Carefully fitting 2 inch wide by 0.21-0.24 inch thick planks (not quite quarter inch).  I picked two inch wide planking because that is the thickest wood my table saw will willingly cut, and that is the widest that many of my clamps will span.  No fasteners used; only epoxy adhesive.  The planks are falling into alignment quite nicely; much better than when I used plywood.  To get the length I need, I am scarfing together shorter lengths using a 7 degree bevel on my chop saw.  Perfect results using a simple jig, and it only takes seconds.

Using real planks have given me insight into the design of the original Guideboats.  Upswept sheer in the ends of the boat facilitates easier planking.  The greater length of curve from keel to sheer spreads out the bending stresses and provides a better landing for plank ends.  That end curve had to be a conic projection in order to fulfill all requirements, although the first builders I am sure were not thinking of mathematics but instead just ease of planking.

I am enjoying the nice fair curves that the planks follow.  Relying on epoxy adhesive means that I have to let the bonds mature on each plank before I start the next row.  Slow, but I am not in a hurry. 

With this triple chine design, the hull shape appears to be that of a nicely rounded hull form.  Very pleasing.  
First coat of paint

Second coat of paint

I had a quart of red on hand, so that is the color.  It will need three coats.  Then I get back to finishing the trim, the end decks, and interior.  I built two oars recently which will need varnish as well.

More to come as I find time.

Friday, December 11, 2020

Finishing Up the Guide Boat

    New oars on the left; old oars on the right.

My latest guide boat is essentially finished; just adding varnish.  I also built a new pair of oars for the new boat.  Using published formulas for proper oar length, standard oars would be about 80 inches long according to the boat beam, but I also read a note, "Guide boat oars are usually 7 1/2 or 8 feet long."  I have a fairly large stack of scrap wood which I need to use.  From the scrap pile, I found some nice straight pieces to bond together creating 92-inch long oars with the inboard ends left with a chunky square profile to help counter balance the somewhat longish outboard shafts and blades.  I am not going to go into oar construction because there are already plenty of Google instructions posted.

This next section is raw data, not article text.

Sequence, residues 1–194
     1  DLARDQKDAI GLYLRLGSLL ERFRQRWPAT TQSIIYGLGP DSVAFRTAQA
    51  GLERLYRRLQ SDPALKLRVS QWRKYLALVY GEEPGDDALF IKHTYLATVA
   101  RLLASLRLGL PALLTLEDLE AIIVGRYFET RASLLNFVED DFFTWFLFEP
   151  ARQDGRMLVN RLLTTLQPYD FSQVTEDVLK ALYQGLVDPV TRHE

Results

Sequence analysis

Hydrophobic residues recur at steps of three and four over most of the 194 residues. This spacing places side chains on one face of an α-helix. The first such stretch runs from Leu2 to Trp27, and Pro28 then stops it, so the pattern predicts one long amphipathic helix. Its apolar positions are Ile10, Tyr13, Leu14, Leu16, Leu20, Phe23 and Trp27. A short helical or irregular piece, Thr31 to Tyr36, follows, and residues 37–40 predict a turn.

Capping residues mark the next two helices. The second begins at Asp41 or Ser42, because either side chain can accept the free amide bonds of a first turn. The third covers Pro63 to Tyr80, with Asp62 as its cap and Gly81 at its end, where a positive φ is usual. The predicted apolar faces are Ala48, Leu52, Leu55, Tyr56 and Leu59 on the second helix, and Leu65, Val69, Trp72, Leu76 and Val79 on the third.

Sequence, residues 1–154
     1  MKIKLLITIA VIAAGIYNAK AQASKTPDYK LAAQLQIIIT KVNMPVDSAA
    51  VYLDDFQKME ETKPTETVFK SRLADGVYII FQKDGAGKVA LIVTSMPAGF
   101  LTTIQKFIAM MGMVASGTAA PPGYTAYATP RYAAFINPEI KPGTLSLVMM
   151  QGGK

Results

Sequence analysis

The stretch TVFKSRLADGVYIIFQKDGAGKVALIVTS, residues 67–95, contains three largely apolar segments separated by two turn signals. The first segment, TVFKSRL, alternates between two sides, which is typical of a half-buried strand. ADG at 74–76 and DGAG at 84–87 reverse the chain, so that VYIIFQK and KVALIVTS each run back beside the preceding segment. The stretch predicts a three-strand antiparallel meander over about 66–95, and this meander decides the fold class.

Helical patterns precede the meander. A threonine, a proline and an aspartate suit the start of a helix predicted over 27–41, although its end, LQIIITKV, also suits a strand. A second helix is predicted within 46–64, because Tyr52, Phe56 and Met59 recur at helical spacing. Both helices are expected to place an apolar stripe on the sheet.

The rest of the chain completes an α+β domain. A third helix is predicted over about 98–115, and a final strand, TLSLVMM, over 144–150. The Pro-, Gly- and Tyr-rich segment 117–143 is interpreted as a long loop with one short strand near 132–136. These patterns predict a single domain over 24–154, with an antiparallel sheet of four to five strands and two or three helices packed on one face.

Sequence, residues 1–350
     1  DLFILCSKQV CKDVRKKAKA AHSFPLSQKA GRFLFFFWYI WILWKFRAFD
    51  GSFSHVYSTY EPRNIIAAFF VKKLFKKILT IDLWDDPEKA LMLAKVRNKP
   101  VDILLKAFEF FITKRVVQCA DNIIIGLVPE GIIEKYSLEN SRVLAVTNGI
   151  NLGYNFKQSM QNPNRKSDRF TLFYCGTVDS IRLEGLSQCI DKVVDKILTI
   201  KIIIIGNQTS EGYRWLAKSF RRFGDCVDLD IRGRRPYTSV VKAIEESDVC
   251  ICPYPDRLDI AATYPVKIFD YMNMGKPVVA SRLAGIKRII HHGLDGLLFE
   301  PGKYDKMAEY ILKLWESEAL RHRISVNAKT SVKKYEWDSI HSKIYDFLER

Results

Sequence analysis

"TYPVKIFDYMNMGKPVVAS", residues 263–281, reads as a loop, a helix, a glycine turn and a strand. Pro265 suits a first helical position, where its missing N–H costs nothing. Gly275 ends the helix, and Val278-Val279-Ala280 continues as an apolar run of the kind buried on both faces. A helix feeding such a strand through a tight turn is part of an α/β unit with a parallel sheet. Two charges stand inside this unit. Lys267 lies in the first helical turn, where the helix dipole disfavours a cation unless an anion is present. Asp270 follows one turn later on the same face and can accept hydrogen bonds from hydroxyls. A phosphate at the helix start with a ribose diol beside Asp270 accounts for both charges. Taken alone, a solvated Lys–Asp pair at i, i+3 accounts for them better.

Taken on the US Air Force Academy.  We are still discovering more trails in the Colorado Springs area; although we also took the bikes to Arkansas and Montana this summer.  They are a great source of exercise and fresh air away from crowds of people (and COVID).  Building boats is more enjoyable when the weather turns cold.

I want to apologize for the slow progress in recent months.  Progress has been slow to non-existent during the better weather of Summer and Fall because my wife and my own infatuation with the new e-bikes we purchased.  With the mountain e-bikes we feel confident to go further and steeper on our outings than we would with regular bikes.  It has been a godsend letting us travel forest trails with fresh air, ample exercise, and no crowds.

The hull ends are symmetrical and the oarlocks are set about a foot ahead of the hull midpoint. When rowing with two people onboard, the rower sits ahead of the oars.  When rowing solo, the rower sits at the hull midpoint facing the other direction.

    Seat positioned amidships for a solo rower.  Yes, it is snowing outside.

Now that winter is here, I'll be looking for a project in my wood shop to keep me busy.  Still working at the clinic, but only 2-3 days per week.  My present thought is to build another guide boat using what I have learned building this one.  Always trying something new; I anticipate using a 14' length (more easily cartop-able) and a wider plank keel. I was able to buy a length of flat lumber 12'2" long and 10.3" wide. I'll see how the wider keel changes the hull stability. 

Monday, May 25, 2020

Finishing the planking

I put off making choices for planking.  Previously I have always used a plywood initial sheathing to define the surface shape and provide a substructure for bonding exterior thin planks; it works well with developable surfaces.  I had some marine plywood on hand.  Also had some  mahogany planks left over from my last build, but there was a reason they were left over.  The planks had flaws; they were the rejects.  This new boat is somewhat of an experiment; didn't want to invest too much in materials; so I used those rejects.  And I have been reminded how important it is to keep focused and not compromise at any step.  Later on it catches up with you.